The real advantage to buying at the duty free is that you are already past “weigh in” and if you are running close to your allowance you don’t have to worry about the weight of the booze. (liquids weigh a h*ll of a lot!) I don’t usually bring anything home for myself (unless the resort has gifted me a bottle), but I have a friend (you know who you are) who is addicted to a specific Cuban rum, and I do pick up a bottle or two for him if I can find it at the duty free. :slight_smile:

Haha… you are right, of course!
We always pack “a little on the light side” on the way down… and I always have all the heavier items including shoes and books in the checked luggage (plus my over-sized purse). Our carry-ons are pretty light, with a couple changes of clothes & bathing suits ~ just in case our luggage gets lost… which hasn’t happened yet… “knock on wood” :-X

Then, on the way home, we pack the heavier items in the carry-ons instead, and that usually takes care of the extra “bottle weight” in the checked luggage.

I’m prepared for the weight: I’ve upgraded to SuperSpeshul on Sunwing, so I have 30 kg. to play with, and I’ll be muling wine (probably) so that will be my rum weight (and then some!) coming home.

Most of the the things in our carry-ons on the way down is either consumed or packed in the suitcase on the way back so there’s very little in our carry-ons. We just use this room at the Duty Free, usually just 4 bottles of Havana Club 7.

I find Duty Free prices usually more expensive than regular store in Cuba or LCBO in Canada. So I always buy everything in regular store.

I’m usually dodging the weight limit, so I use duty free just for the convenience.

I arrive at the airport with an almost empty carry-on, and by the time I’m done, it weighs almost as much as my checked bag!

I always buy mine at the resort or in the local town. While it may not be “high” end, its much better and cheaper than what I can get here in NB for Havana Club. Usually go with the 3yr aged, yellow label bottles.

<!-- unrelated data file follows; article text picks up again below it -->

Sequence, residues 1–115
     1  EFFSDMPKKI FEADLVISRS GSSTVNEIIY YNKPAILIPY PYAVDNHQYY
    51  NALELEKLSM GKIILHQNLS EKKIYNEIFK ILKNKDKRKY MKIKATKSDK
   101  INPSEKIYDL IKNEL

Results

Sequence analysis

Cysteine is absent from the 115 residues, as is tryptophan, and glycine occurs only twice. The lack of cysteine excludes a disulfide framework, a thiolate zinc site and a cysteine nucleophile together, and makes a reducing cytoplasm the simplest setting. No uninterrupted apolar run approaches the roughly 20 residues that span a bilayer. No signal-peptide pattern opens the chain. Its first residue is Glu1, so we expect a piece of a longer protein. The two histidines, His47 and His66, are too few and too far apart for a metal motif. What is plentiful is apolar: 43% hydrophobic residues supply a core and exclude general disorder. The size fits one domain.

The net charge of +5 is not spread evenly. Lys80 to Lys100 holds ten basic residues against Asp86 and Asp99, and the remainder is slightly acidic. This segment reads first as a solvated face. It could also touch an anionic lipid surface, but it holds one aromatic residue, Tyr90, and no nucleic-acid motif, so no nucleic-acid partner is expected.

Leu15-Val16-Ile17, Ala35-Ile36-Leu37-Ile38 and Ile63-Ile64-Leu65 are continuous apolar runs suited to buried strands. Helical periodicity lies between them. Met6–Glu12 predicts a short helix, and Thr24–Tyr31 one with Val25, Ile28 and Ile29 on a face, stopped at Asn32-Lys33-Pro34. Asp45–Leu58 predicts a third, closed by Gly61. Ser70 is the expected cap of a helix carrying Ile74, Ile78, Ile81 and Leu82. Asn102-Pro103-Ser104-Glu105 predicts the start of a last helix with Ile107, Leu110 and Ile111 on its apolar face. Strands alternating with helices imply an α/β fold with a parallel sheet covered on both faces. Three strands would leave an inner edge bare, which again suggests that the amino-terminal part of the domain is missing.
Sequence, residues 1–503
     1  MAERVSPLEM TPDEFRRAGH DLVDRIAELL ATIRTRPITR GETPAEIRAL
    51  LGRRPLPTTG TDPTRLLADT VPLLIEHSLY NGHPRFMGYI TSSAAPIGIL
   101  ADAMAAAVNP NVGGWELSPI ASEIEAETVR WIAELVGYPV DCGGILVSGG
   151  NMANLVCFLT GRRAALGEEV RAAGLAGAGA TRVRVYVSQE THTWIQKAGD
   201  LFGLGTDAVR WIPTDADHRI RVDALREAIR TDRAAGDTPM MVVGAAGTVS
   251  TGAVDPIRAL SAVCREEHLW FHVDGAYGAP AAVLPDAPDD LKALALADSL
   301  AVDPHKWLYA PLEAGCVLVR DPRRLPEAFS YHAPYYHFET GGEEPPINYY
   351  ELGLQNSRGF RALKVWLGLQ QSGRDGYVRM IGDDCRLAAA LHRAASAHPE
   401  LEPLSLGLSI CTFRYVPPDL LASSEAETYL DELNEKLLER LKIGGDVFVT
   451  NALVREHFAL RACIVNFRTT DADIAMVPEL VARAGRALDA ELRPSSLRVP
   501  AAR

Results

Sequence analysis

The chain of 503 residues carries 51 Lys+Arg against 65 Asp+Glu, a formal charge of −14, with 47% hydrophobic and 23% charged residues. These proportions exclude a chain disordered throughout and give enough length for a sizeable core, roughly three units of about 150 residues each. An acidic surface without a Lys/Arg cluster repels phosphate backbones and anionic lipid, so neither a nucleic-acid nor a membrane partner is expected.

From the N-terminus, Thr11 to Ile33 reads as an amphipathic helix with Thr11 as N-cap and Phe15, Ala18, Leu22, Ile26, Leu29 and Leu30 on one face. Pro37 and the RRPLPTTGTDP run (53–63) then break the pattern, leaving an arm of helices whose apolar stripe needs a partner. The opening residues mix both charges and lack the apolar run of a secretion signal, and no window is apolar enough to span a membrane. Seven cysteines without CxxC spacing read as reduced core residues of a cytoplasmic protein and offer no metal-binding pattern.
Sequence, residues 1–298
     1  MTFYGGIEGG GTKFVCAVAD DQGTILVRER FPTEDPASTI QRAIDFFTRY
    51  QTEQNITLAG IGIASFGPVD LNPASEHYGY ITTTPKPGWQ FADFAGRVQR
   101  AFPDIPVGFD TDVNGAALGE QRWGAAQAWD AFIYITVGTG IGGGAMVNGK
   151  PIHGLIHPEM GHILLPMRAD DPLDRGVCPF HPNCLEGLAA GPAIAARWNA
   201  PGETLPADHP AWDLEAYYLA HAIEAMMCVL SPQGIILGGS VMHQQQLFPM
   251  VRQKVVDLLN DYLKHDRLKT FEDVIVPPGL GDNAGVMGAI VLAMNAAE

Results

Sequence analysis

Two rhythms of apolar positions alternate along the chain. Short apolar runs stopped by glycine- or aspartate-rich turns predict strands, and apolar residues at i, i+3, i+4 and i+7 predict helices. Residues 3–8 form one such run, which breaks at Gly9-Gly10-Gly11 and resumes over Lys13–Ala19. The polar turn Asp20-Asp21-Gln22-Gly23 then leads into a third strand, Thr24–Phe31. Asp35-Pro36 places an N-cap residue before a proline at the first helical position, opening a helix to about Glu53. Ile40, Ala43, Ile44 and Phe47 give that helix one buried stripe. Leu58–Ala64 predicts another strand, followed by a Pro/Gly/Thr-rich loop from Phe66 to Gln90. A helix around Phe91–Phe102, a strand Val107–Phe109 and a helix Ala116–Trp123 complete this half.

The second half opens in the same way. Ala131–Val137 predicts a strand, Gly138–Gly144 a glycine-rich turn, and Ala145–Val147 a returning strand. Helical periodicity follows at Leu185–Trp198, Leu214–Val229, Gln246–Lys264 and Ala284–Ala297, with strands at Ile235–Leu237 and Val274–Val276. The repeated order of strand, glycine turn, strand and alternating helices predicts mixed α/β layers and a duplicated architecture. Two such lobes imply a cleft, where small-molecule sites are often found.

I made a Duty Free mistake once: I waited to buy Rum at the airport after visiting Marea del Portillo. They only sold Havana Club at the airport. Nothing against Havana Club but I like Ron Caney,Ron Santiago de Cuba and the other “Cuba-only” rums. Sadlly, they had a great selection at the MDP gift shop but like an idiot I figured I’d wait 'til the airport, assuming they would have a similar (if not better) selection. Lesson learned. When in Cuba, when you see it, buy it. There are no guarantees! :wink:

When you arrive in Cayo Largo your tour reps warn you to cash in your CUC’s before going home. On departure, roaming agents in the airport warn everyone that exporting CUC’s is illegal and they open the currency exchange counter well before your flight for you to change CUC’s to Cdn…
No searches, no special questions and CUC coins that went in the X-Ray trays were still there on the other side.
You’d have to take out a wad of CUC’s and wave them around to lose them, when we went through.

Hotel employees correctly advised that a few coins would not be a problem, and they weren’t. They also talked about the currency changes coming and the speculations about new denominations and values. Change is scary there.

We have a connecting flight and have always packed accordingly and as mentioned above, the tiendas are all operated by the same company and prices are the same because there are no “Duty’s”